The Copper Bracelet -- a collaboration serial thriller
-- conception by Jeffery Deaver
Book 2 of The Watchlist aka the Harold Middleton series
Other authors involved:
Gayle Lynds, David Hewson, Jim Fusilli, John Gilstrap, Joseph Finder, Lisa Scottoline, David Corbett, Linda Barnes, Jenny Siler, David Liss, P.J. Parrish, Brett Battles, Lee Child, Jon Land, James Phelan
This book is a collaborative effort among various crime thriller novelists, with Jeffery Deaver fronting the project (he created the main protagonist, Harold Middleton, and he also writes the first and last chapters). I don't know all of these other crime thriller authors, though I think some of them were part of the first book's writing... and some are new names.
I was just as intrigued with it as I had been with The Chopin Manuscript (my review), though I had been worried that the book would be a big mess with so many minds and so many ideas trying to take precedent. And despite The Chopin Manuscript getting slightly out of control towards the middle and the ending, it was still a very enjoyable piece... if you can ignore a lot of the mess.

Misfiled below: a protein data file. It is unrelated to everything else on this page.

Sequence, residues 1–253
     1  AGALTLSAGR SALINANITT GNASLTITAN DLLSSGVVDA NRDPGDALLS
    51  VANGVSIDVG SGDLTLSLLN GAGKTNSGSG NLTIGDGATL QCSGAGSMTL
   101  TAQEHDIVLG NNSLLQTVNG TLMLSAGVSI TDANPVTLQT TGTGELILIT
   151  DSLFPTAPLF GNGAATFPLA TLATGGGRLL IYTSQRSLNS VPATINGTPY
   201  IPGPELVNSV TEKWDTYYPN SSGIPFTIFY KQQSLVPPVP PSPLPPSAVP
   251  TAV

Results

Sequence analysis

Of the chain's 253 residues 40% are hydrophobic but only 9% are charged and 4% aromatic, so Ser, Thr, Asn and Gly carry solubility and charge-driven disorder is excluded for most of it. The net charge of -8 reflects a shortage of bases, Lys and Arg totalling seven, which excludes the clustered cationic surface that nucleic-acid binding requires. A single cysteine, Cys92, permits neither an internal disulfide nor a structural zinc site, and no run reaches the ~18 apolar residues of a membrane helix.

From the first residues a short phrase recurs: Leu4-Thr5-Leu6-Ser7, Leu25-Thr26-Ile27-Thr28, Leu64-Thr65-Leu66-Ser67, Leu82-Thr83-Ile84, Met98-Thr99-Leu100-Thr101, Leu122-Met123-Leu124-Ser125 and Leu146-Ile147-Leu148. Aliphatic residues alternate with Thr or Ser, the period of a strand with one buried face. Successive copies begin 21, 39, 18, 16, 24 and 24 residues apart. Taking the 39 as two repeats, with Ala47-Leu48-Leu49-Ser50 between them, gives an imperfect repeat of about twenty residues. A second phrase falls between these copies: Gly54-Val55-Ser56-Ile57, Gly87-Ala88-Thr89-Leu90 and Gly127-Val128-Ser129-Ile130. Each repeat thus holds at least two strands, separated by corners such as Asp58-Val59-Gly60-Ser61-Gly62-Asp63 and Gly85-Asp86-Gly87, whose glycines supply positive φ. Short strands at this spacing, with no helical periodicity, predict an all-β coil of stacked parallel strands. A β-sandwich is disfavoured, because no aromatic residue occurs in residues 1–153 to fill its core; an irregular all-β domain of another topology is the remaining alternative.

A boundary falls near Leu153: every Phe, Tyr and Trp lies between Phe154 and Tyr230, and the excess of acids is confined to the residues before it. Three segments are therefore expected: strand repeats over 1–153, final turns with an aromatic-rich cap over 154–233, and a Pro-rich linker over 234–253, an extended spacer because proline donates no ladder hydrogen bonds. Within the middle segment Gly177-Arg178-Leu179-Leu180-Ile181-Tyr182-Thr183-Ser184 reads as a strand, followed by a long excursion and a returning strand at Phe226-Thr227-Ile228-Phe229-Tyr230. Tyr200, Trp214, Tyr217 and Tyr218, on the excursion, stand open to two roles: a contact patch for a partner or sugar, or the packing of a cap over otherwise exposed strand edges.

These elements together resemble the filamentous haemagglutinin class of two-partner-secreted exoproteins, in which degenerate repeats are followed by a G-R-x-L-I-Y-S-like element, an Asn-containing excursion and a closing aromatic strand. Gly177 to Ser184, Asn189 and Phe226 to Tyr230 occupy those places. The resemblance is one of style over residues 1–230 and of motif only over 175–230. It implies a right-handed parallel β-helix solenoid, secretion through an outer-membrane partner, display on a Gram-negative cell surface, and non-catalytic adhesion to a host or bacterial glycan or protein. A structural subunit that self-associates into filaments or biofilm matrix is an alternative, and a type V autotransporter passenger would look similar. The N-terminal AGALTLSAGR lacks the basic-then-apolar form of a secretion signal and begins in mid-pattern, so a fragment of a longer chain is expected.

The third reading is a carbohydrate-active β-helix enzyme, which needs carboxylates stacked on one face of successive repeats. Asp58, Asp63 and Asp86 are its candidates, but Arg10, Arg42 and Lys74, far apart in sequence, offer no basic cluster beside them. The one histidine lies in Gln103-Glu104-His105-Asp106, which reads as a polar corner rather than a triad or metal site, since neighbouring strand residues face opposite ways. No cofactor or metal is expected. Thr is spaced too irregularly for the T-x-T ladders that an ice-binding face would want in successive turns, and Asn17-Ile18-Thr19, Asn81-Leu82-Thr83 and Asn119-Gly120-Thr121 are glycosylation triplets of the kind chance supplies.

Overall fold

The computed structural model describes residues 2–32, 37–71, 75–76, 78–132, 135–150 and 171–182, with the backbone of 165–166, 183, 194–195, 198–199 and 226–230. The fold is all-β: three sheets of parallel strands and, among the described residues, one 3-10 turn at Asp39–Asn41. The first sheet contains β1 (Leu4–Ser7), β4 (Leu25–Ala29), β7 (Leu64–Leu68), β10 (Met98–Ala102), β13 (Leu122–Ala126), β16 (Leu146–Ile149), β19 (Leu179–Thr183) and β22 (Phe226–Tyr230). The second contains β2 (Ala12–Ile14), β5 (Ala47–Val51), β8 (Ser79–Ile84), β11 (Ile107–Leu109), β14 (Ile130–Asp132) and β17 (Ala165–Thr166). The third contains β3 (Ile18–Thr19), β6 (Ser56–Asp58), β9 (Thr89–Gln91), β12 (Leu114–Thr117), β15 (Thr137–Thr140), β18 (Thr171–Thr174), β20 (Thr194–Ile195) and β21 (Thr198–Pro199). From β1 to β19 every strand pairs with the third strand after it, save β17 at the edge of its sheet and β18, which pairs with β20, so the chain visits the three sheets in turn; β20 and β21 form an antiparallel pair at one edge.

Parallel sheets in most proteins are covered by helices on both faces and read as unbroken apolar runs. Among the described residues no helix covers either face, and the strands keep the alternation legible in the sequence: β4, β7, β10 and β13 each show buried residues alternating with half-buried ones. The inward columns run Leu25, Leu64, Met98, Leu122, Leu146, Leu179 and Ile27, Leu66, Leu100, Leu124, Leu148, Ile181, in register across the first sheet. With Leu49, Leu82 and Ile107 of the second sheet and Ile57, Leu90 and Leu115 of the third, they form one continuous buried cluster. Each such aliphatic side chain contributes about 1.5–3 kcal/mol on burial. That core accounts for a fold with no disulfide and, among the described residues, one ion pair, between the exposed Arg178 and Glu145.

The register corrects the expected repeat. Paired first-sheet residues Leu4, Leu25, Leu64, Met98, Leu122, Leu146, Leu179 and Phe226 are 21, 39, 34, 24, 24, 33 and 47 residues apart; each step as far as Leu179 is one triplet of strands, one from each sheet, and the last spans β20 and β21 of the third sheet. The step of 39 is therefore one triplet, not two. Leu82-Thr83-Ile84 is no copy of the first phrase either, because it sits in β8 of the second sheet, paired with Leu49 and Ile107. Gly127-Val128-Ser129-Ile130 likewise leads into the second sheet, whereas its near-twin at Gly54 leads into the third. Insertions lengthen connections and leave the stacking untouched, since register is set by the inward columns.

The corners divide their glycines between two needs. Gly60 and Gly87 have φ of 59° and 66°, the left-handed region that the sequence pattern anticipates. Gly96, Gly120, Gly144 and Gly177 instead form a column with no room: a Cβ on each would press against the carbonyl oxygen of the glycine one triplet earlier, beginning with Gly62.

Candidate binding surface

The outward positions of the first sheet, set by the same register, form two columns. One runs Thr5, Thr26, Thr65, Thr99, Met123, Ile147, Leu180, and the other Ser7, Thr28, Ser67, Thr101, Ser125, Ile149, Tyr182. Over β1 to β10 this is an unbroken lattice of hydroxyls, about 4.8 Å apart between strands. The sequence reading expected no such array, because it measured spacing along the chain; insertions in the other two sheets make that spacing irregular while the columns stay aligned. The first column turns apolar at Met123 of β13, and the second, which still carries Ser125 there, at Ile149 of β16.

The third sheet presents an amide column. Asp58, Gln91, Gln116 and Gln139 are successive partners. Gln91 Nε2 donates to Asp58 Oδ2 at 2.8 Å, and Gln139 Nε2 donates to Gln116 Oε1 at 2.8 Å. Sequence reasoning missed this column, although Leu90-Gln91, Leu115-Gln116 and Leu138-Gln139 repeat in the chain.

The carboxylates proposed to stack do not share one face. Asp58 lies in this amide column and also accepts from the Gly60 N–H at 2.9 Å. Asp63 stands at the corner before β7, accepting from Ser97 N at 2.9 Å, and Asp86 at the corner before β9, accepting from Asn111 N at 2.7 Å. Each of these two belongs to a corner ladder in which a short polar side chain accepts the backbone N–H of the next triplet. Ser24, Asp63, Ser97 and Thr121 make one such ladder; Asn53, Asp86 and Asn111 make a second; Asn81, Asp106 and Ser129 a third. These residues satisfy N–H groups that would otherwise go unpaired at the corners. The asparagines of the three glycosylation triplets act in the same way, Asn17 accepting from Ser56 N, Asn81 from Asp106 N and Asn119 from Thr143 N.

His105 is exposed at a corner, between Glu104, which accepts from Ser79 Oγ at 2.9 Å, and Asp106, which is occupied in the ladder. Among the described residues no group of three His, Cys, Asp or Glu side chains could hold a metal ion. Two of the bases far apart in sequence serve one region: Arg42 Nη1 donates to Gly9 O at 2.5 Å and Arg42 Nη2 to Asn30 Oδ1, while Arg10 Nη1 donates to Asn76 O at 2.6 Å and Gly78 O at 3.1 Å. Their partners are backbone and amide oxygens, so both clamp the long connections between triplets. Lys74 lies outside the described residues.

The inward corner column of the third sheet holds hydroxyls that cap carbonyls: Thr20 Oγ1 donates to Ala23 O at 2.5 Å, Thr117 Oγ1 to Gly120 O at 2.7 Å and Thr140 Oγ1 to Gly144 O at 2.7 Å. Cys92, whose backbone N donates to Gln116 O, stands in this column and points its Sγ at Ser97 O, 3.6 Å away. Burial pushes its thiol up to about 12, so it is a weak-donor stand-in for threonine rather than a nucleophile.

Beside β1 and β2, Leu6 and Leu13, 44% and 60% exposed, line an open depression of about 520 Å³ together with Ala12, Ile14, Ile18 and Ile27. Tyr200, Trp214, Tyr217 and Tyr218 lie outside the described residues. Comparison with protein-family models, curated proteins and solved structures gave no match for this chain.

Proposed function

Whether this book was really a big haphazard, narrative mess, or if it was just me, being distracted at all the wrong times while listening to the audiobook, I can't be sure. But I sure as hell had a hard time following what was going on with so much going on within moments of events.
It's a pretty good concept that has potential to last a few more books, honestly. Harold Middleton is pretty much the leader of a group of Volunteers who are tasked with helping keep the world a safe place by going after potential terrorist threats and the like. And, of course, in The Copper Bracelet, there's a lot of action, and traveling, and secrets, and secret reveals, and death, and destruction, and betrayals, and torture, and... there's just a LOT going on in this book.
Like I said already, I had no idea where the book was going with all the things happening for a good long time.
Still, I had fun with this one. Even if it was a lot of confusing fun.
And once again, Alfred Molina did excellent with his narration; though I can't help but feel that it was better in the first book.